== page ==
Electronic throttle control systems may seem a little silly. After all, if a mechanical throttle control system works, why make it more complicated?
While it's true that electronic throttle control adds complications, it also adds a number of benefits. The first is decreased maintenance. Mechanical throttle systems, because they are made up of a lot of moving parts, are subject to a lot of wear. Over the life of the car, the various components can wear out. By comparison, an electronic throttle control system has comparatively few moving parts -- it sends its signals by electric impulse, not moving parts. That reduces wear and the amount of maintenance needed on the system.
Beginning in 2009, electronic throttle control systems made headlines as a result of a large-scale recall of Toyota vehicles due to acceleration control problems. Given the negative press electronic throttle control systems received, you may be surprised to know that electronic throttle controls add a number of safety benefits over mechanical systems. In a mechanical system, the throttle relies only on driver input to decide how far to open or close. With an electronic throttle control system, the main control unit not only reads input from the driver's foot on the accelerator, but it also examines input from wheels that are slipping, wheels that have grip, the steering system and the brakes, helping correct driver error and keep the car under control. In other words, a throttle control system can balance several factors that affect a car's speed and direction -- not just a foot on the pedal. Plus, electronic throttle control is a key component in most cruise control systems.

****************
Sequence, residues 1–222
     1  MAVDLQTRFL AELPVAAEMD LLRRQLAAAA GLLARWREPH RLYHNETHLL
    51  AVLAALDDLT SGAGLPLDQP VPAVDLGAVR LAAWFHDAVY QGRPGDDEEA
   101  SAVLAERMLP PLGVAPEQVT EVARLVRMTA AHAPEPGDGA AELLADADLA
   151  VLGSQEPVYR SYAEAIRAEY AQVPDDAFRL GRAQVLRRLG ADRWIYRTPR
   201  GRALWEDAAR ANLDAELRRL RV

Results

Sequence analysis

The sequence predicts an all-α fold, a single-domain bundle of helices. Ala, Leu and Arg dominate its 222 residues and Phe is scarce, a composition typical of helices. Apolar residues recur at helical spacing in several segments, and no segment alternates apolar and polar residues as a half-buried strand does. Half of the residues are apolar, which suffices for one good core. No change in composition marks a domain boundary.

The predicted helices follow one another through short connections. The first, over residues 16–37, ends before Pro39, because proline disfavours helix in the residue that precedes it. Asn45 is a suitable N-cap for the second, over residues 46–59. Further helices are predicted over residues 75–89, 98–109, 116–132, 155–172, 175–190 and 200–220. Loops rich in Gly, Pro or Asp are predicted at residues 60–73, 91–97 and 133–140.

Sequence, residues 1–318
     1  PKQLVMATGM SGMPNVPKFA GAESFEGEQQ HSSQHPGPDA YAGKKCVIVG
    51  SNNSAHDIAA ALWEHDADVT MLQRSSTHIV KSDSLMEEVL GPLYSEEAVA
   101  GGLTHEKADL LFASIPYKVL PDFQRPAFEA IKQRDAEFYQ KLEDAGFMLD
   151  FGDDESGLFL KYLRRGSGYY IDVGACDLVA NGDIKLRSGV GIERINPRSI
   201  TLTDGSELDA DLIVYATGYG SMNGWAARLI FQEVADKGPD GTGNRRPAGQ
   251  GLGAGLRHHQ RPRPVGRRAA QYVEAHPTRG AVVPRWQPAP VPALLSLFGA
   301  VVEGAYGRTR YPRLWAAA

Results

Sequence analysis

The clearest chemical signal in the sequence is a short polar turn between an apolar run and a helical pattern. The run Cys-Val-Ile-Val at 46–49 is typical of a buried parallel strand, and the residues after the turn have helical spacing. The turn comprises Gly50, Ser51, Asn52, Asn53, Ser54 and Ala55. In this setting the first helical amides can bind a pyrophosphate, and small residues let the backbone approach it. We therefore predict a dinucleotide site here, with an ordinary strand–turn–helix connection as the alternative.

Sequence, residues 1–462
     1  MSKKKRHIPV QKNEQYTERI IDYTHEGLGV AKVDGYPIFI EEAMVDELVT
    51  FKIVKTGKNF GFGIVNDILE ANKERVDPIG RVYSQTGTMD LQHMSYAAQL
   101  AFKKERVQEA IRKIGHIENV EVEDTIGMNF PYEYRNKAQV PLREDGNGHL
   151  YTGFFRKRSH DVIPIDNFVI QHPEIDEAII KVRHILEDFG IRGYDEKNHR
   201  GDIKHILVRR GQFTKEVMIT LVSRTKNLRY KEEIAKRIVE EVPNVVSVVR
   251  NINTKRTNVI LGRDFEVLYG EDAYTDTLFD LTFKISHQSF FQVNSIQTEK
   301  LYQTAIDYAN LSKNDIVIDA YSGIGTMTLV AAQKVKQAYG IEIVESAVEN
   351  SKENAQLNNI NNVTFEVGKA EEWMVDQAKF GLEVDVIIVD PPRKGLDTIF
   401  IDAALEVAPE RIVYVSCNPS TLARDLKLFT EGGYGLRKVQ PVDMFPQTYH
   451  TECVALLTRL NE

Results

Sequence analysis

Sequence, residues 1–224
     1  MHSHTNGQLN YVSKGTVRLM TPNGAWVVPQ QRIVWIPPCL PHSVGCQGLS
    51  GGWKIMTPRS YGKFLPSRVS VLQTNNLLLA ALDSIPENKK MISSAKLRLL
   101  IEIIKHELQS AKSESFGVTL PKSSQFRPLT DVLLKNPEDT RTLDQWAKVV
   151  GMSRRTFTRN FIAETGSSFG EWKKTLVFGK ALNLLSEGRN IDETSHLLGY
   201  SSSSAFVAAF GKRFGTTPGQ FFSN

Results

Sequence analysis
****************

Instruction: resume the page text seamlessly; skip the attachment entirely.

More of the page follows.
Electronic throttle control may be a complex system, but it makes driving a car easier and safer, and it can reduce maintenance. However, one of the concerns raised during the 2009-2010 Toyota recall was whether outside signals can interfere with electronic throttle control. Keep reading to learn whether this is true.